Everyone Is Out to Take Your Money
This category could also be called: How To Be An Adult. Really, the amount of times that I have seen Lana catch people who have tried to snake more money out of her than was necessary IS SO NUMEROUS AND SO DELIGHTFUL. Seeing how she laughs off the fact that people are trying (and failing) at taking advantage of her and others at every corner is a lesson in adulthood in and of itself. Figuring out that, when you grow up, everyone in business is trying to make more money off you than they should is not always obvious. But if you plan on being a stable, conscious human being out in the world, it is very essential. Not getting screwed over in the world requires a kind of consumer vigilance and a willingness to advocate for yourself when no one else will (or will for a reasonable price) and this is Lana Al-Resheed’s speciality and her secret super-power. She’s a one-woman-show and she makes sure that everyone knows she can’t be fooled.
The Importance of ‘Red-Teaming’ Any Idea or Situation
For those of you who are unfamiliar with the term, ‘red-teaming’ is basically when you shoot holes in any idea or plan in order to better see it’s weaknesses and faults. This is a valuable skill to have whenever you are considering taking something new on, whether it’s in life or in work. Red-teaming, essentially, improves the strategies in any plan by recognizing the vulnerabilities in that plan. I’ve noticed Lana doing this with almost every big business decision she makes right off the bat. I actually think she does this so intuitively that she doesn’t have any idea that she’s doing it.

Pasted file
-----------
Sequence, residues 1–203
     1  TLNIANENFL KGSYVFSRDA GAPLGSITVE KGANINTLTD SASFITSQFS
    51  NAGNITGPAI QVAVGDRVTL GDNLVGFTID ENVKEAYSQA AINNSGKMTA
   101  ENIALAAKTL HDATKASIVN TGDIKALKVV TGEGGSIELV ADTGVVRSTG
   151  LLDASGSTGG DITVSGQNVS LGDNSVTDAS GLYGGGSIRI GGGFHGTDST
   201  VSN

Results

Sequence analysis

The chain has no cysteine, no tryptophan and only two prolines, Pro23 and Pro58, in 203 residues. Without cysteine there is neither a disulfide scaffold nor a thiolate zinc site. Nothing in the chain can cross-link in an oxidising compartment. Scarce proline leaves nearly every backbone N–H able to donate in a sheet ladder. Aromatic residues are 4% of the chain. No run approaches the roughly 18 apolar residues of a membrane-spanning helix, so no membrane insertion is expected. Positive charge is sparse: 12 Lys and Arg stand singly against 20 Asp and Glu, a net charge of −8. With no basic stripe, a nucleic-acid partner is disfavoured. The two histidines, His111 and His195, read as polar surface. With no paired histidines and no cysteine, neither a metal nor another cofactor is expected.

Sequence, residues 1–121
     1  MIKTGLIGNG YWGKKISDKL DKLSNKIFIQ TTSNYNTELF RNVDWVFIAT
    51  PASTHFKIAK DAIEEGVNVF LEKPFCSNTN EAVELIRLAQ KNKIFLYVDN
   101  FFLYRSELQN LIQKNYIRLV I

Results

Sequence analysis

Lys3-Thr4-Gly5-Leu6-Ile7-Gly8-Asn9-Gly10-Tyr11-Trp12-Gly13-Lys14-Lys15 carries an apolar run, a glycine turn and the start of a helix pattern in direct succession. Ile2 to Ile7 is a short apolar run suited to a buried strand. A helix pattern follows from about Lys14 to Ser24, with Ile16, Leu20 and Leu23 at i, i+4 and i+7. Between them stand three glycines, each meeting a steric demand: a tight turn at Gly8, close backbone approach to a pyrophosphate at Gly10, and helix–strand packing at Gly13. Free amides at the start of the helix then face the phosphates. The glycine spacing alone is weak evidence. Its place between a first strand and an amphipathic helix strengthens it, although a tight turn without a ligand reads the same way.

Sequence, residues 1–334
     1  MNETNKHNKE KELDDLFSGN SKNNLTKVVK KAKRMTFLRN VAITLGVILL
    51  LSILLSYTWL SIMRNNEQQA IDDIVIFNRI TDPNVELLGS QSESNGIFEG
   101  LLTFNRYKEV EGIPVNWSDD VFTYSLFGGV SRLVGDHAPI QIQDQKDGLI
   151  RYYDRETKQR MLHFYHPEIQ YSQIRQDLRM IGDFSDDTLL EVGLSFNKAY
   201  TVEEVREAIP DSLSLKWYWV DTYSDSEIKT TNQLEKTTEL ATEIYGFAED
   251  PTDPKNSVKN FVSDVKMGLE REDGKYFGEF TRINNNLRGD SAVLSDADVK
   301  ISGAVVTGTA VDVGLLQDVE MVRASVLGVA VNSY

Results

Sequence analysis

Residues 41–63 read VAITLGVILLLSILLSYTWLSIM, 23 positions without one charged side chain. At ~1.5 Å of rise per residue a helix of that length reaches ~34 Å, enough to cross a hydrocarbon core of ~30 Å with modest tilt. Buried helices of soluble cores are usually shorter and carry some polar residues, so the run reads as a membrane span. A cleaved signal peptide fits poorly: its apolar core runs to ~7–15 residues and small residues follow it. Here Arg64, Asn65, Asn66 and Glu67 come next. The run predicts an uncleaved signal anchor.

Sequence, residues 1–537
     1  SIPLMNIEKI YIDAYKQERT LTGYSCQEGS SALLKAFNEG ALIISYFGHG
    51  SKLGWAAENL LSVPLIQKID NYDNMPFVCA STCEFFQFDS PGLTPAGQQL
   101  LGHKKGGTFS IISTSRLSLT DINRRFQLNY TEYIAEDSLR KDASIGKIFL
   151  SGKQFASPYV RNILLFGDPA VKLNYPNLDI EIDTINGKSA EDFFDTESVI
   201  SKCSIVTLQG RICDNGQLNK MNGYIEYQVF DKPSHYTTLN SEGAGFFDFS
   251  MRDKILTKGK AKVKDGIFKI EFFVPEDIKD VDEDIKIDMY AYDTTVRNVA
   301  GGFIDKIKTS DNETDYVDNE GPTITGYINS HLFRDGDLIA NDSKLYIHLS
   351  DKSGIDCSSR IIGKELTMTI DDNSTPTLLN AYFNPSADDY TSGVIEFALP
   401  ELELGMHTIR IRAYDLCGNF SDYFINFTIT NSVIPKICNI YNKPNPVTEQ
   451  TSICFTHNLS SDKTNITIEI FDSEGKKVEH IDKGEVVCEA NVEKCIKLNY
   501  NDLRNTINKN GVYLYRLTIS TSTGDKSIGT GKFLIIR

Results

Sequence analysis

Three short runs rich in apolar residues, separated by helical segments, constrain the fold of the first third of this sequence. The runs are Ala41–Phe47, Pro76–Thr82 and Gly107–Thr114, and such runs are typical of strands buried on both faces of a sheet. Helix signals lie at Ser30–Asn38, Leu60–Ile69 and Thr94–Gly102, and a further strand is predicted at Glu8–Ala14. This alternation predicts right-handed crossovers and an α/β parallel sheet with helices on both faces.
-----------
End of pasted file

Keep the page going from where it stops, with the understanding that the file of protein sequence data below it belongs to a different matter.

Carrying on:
No One Has Any Idea How To Make Any Kind of Relationship Work
Since most human beings are horribly poor at dealing with other human beings it’s important to know what we DON’T know so that we can all cut each other a little more slack. Identifying our own shortcomings and triggers, teaching ourselves the critical cornerstones of healthy relationships, understanding the significance of knowing ourselves, accepting that some conflict is HEALTHY and learning how to deal with it, fighting fair, and the importance of having a shared worldview with those you are closest to is a constant learning process and can be very difficult to master. Lana Al-Resheed has taught me that this process never ends and that no matter how much you know your relationships, they can always surprise you and teach you something about yourself that you didn’t know before.
All my love!